COMMENTARY | It might sound like hyperbole, but this upcoming three-game series in Philadelphia is a big one for the New York Mets.
The Mets are 4-2 after the first week of the 2013 season. They won two out of three games against teams with low expectations. It's one thing to beat the San Diego Padres and the Miami Marlins. It's another thing to beat the better teams. That starts tonight when the Mets take on the Phillies.
The Mets could very easily be 3-3 had they not put together the season's first dramatic moment on Sunday afternoon at Citi Field. Trailing 3-2 entering the ninth inning, the Mets rallied to win the game, extending the hope that maybe, just maybe, this season isn't going to be as bad as so many think it will be.
After Ruben Tejada was hit by a pitch with one out, pinch hitter Kirk Nieuwenhuis lined a single to left center. Tejada hustled to third and Nieuwenhuis advanced to second on the throw. With the Marlins infield playing in, Marlon Byrd pulled one down the third base line to drive home two as the Mets picked up their second straight win.
We still don't know how much winning the Mets will do this year, and that's why the series with the Philadelphia Phillies that begins tonight is so intriguing. While Philadelphia is still a legitimate playoff contender - widely picked to finish third in the National League East -- they start the season with some question marks. That's not much of a slight either, considering how good the Washington Nationals should be and how good the Atlanta Braves could be.
With the Marlins projected to finish in last place, the question for the Mets is this: Are they closer to the Marlins or the Phillies? The answer will determine whether this is a team that could hover around .500 and compete, or one due for yet another second-half slide, with this one perhaps coming even earlier.
Even though the Mets have won four games, there are still some major concerns. Their hitting, at times, has been cold. Yesterday, the 20-year-old rookie, Jose Fernandez, retired the first 10 Mets to come to the plate. The Mets didn't reach base until the fourth, and they didn't score until the fifth. They struggled late as well, unable to get the big hit in the seventh and eighth innings. It wasn't the first time this year that's happened.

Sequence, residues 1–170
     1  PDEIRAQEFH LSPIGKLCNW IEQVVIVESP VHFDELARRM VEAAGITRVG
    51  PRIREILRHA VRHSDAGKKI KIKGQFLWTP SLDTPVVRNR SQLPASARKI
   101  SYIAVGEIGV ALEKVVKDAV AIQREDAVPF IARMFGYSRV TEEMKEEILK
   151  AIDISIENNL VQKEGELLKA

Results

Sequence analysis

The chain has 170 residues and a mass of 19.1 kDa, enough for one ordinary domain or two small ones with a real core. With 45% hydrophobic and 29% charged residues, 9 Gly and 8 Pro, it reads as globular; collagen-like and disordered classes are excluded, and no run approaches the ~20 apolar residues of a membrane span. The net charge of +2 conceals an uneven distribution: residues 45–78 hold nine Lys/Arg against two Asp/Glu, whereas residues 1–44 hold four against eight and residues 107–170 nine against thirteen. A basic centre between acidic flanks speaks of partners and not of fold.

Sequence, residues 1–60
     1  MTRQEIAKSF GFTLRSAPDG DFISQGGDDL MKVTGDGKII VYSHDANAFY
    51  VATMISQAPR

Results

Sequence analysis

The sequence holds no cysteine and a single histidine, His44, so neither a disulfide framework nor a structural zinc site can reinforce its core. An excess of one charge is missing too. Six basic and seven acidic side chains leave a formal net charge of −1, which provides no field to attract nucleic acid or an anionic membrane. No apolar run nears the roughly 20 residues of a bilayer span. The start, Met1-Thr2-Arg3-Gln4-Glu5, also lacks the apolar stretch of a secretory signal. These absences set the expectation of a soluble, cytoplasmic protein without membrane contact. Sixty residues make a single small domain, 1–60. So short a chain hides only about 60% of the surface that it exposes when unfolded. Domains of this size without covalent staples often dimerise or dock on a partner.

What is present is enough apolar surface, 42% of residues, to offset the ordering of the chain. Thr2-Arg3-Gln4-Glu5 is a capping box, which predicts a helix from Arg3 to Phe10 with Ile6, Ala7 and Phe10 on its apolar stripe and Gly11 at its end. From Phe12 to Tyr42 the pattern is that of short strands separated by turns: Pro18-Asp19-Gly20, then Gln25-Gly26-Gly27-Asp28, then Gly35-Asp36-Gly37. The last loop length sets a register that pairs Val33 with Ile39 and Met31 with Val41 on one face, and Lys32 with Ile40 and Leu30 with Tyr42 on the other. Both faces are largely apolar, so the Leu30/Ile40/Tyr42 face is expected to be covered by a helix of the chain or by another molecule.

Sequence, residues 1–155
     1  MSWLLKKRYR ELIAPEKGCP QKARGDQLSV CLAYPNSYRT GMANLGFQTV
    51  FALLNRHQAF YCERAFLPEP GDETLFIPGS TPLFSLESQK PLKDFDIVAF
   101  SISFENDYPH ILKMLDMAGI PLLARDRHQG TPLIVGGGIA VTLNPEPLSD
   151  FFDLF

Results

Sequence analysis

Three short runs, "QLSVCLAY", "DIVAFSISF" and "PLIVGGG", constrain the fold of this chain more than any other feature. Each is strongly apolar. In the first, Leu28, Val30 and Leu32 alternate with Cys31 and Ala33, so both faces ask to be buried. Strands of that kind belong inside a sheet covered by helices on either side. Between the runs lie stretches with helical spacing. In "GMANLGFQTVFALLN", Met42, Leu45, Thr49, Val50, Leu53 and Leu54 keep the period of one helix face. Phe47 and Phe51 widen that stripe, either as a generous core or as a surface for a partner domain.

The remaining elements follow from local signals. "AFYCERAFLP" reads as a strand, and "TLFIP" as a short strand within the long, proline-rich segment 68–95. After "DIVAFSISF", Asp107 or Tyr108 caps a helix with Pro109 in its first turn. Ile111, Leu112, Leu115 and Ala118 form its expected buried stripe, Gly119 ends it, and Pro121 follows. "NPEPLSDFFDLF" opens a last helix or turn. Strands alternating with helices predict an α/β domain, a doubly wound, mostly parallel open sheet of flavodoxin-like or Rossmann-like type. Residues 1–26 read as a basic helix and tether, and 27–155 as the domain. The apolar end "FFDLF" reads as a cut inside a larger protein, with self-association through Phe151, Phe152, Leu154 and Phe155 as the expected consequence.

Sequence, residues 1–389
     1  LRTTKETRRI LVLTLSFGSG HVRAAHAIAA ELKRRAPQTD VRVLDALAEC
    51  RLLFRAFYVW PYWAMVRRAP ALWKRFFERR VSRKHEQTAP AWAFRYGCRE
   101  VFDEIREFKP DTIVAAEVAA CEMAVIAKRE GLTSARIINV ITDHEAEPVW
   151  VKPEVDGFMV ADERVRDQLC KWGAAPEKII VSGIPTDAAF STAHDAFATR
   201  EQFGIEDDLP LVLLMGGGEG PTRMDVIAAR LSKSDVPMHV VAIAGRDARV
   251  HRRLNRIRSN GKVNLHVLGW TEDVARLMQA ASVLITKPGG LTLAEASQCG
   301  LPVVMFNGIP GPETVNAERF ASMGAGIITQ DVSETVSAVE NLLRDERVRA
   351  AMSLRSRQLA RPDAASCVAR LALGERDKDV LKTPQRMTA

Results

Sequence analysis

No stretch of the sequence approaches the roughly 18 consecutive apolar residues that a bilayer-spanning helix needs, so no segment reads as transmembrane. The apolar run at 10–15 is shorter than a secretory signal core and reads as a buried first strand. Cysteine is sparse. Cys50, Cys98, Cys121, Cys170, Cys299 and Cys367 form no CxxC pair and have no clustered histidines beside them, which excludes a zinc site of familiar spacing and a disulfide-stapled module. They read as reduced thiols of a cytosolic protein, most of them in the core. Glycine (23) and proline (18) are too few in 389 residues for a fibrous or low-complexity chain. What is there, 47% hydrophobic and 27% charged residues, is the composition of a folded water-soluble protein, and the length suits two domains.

There are other concerns. Tejada has made four errors at shortstop; the bullpen worked in and out of trouble yesterday and was a question mark entering the season; aside from Byrd, the outfielders really haven't been impressive.
In the bottom of the ninth inning yesterday, SNY, the television home of the Mets, posted a statistic that said the Mets were 20-22 in one-run games last year. Ron Darling, working the game as the analyst, talked about how good teams win one-run games. He also said that good teams get to the opponent's closer. The Mets did both yesterday.
We'll have to wait and see how good this team is. Are they closer to the Phillies, a playoff contender, or the Marlins, the favorite to finish last in the division?
We'll start to get some answers tonight in Philadelphia.
Charles Costello has followed the Mets closely since the rookie years of Darryl Strawberry (1983) and Dwight Gooden (1984). He was a beat reporter assigned to cover the Mets during the 1997 and 1998 seasons.
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